Psychedelic Science 2020 Webinar Series – Decriminalizing Psychedelics (Online)

April 23, 2020

From the event website:

Decriminalizing Psychedelics

Featuring Sean McAllister, Ismail Ali, J.D., and Natalie Ginsberg, M.S.W.

Thursday, April 23, 2020, 12:00 PM – 1:30 PM Pacific

A Balance of Psychedelic Decriminalization Initiatives in the U.S.
The year 2019 was a watershed year for efforts to reform the laws around psilocybin mushrooms, commonly referred to as “magic mushrooms.” Since psilocybin’s categorization in the 1970s as a Schedule I drug under U.S. and international law, reform of laws related to psilocybin and other psychedelics had not been a significant focus of the drug policy reform community. However, in the spring of 2019, Denver became the first U.S. city to effectively decriminalize possession and cultivation of personal possession amounts of psilocybin. Oakland quickly followed Denver’s lead and went further by effectively decriminalizing all activities related to naturally occurring or entheogenic psychedelic substances. Also, in 2019, reform advocates in Oregon and California submitted proposed statewide ballot initiatives to allow voters to liberalize psilocybin laws through the 2020 ballot process. This presentation summarizes the various reforms enacted in Denver, Oakland, and Santa Cruz, along with summarizing the proposed new regulated models in Oregon and California. Sean will discuss the nuances of the various decriminalization initiatives and give a broad overview of typical provisions. Finally, as a member of the Denver Psilocybin Review Panel, Sean will discuss the ongoing issues with the implementation of the Denver Psilocybin decriminalization campaign, including the impacts on public safety and health.

Multidisciplinary Approaches to Psychedelic Systems: Reflections on Policy Strategies

Ismail and Natalie will share ways to think about the current status of psychedelic policy change by identifying themes that unify and differentiate the movements to decriminalize, legalize, and medicalize psychedelic substances. How can we craft systems that can recognize the strengths and honor the differences between clinics and ceremonies, or pharmaceuticals and plant medicine? Why are harm reduction, education, and justice essential to the blueprint for a post-prohibition world? How can these emerging and ongoing movements progress in solidarity with indigenous people and people who have been impacted by the war on drugs?

Sean McAllister is one of nation’s leading drug policy reform lawyers. In 2004, after working for the Colorado Attorney General’s Office for several years, Sean opened a solo law practice focused on criminal defense and represented hundreds of people charged with state and federal drug crimes. That same year, he founded the drug policy reform non-profit Sensible Colorado. Sean served as the chair of the Board of Directors of Sensible Colorado while the organization co-chaired the Colorado recreational marijuana legalization campaign that voters passed in 2012. Sean has also worked on broader drug policy reform issues as a member of the Colorado Commission on Criminal and Juvenile Justice. Today, Sean’s law firm, McAllister Garfield, P.C., has 15 lawyers in four states working primarily on cannabis business law and licensing matters. As part of his work, Sean’s firm has sued regulators numerous times under the administrative procedures act, petitioned the DEA to reconsider a harmful CBD rule, and represented Native America Tribes attempting to participate in the cannabis and hemp industries. In addition to cannabis, Sean is the General Counsel to the Decriminalize Denver campaign and an appointed member of the Denver Psilocybin Mushroom Policy Review Panel, which is the first ballot initiative in the U.S. designed to remove criminal penalties for the possession of psilocybin. Sean also acted as a legal advisor to the Decriminalize California campaign, which is seeking to decriminalize and regulate psilocybin mushrooms by ballot initiative in California in 2020. Sean is a member of Chacruna’s Council for the Protection of Sacred Plants and Chacruna’s Co-General Counsel.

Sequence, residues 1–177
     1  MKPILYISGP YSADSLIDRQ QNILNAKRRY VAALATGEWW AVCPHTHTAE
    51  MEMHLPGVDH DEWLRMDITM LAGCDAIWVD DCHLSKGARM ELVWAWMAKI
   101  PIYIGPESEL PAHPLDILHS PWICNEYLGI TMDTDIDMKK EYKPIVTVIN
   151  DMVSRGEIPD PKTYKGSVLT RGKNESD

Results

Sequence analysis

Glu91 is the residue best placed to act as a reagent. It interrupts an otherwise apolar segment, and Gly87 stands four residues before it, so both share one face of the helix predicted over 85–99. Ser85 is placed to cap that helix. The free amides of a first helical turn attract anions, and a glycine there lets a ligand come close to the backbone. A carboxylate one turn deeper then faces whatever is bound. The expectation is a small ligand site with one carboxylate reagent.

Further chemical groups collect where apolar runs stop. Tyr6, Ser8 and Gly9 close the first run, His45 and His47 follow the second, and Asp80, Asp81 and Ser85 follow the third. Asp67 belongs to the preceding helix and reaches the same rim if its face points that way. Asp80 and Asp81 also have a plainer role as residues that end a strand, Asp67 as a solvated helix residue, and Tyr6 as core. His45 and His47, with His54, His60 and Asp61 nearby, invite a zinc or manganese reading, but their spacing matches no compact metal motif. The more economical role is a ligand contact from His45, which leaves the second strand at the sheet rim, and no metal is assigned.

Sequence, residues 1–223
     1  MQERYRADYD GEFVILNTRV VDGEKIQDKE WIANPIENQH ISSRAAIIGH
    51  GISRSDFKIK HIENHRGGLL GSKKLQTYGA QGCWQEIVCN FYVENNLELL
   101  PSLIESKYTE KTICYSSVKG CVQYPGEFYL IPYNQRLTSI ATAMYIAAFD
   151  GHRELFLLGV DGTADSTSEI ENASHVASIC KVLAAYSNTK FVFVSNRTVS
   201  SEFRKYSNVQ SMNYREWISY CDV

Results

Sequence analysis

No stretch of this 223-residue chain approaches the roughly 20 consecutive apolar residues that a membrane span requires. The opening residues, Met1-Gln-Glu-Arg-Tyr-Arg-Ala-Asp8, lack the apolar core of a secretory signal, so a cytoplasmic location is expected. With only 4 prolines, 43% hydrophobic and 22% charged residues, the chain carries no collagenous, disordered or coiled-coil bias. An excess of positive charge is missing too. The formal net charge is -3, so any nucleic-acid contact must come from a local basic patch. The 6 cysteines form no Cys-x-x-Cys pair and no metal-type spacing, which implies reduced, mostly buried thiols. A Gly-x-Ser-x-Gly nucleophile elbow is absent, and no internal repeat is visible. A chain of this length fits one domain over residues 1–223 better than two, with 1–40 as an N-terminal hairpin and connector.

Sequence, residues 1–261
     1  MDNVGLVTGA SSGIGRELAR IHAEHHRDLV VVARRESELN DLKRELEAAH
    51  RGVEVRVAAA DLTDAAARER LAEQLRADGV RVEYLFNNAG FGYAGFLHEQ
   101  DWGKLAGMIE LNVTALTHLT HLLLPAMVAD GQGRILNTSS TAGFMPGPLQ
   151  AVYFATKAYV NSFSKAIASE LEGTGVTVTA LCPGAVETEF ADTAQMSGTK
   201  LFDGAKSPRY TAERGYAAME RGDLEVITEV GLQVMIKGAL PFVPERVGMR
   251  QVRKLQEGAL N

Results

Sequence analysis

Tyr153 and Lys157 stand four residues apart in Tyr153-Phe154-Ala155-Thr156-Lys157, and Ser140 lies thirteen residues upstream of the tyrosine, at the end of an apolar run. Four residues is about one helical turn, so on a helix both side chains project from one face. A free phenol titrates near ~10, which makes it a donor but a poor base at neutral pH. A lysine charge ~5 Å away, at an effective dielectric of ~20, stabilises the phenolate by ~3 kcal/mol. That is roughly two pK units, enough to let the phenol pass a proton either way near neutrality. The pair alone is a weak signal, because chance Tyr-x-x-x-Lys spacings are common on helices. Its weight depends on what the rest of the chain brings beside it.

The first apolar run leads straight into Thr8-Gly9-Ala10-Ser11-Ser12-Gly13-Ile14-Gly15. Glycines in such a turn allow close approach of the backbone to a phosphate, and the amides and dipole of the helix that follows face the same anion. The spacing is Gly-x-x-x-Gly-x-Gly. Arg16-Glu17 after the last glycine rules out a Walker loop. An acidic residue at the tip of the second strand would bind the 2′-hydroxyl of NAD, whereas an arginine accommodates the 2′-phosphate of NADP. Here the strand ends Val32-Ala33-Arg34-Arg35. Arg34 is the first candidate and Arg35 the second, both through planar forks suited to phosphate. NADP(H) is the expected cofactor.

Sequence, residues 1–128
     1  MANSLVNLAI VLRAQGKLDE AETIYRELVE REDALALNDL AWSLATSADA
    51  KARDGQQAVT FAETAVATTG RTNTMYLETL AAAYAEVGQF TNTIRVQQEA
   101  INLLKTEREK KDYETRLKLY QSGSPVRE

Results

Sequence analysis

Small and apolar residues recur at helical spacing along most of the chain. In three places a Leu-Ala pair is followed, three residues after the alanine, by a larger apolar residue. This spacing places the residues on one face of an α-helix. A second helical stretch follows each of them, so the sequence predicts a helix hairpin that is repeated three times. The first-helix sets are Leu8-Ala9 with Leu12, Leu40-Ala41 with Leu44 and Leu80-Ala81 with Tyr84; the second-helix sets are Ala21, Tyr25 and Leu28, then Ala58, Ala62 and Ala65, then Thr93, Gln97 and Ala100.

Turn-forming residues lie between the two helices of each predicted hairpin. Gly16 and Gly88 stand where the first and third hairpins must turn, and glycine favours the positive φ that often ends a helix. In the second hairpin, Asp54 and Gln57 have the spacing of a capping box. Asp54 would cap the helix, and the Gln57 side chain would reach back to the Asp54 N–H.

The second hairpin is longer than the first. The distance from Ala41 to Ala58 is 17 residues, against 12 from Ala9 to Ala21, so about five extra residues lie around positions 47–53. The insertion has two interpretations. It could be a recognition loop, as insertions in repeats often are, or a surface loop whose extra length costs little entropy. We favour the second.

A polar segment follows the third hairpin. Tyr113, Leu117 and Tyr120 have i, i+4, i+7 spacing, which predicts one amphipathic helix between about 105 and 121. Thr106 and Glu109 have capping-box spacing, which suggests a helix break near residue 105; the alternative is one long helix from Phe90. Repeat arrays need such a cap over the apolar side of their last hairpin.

Ismail Lourido Ali, J.D., is Policy & Advocacy Counsel for the Multidisciplinary Association for Psychedelic Studies (MAPS), where he supports the development and implementation of strategies to create legal access to psychedelic substances in medical, sacramental, and personal contexts. Ismail presently sits on the Advisory Committee of the Ayahuasca Defense Fund and has previously served as Chair of the Students for Sensible Drug Policy (SSDP) Board of Directors, and has worked for the ACLU of Northern California’s Criminal Justice & Drug Policy Project, as well as for the International Human Rights Law Clinic at the University of California, Berkeley, School of Law, where he received his J.D.

Natalie Lyla Ginsberg, M.S.W., is the Director of Policy & Advocacy at the Multidisciplinary Association for Psychedelic Studies (MAPS), where she works to disentangle science from political partisanship, and to create safe, equitable and regulated access to psychedelics, and all criminalized substances. She is also partnering with Israeli and Palestinian colleagues to develop a psychedelic peace-building study. Natalie is particularly inspired by psychedelics’ potential to assist in healing intergenerational trauma, for building empathy and community, and for inspiring creative and innovative solutions. Before joining MAPS in 2014, Natalie worked as a Policy Fellow at the Drug Policy Alliance, where she helped legalize medical cannabis in her home state of New York, and worked to end New York’s race-based marijuana arrests. Natalie received her B.A. in history from Yale, and her master’s of social work (M.S.W.) from Columbia.

Session Resources

Buy Tickets

Buy Series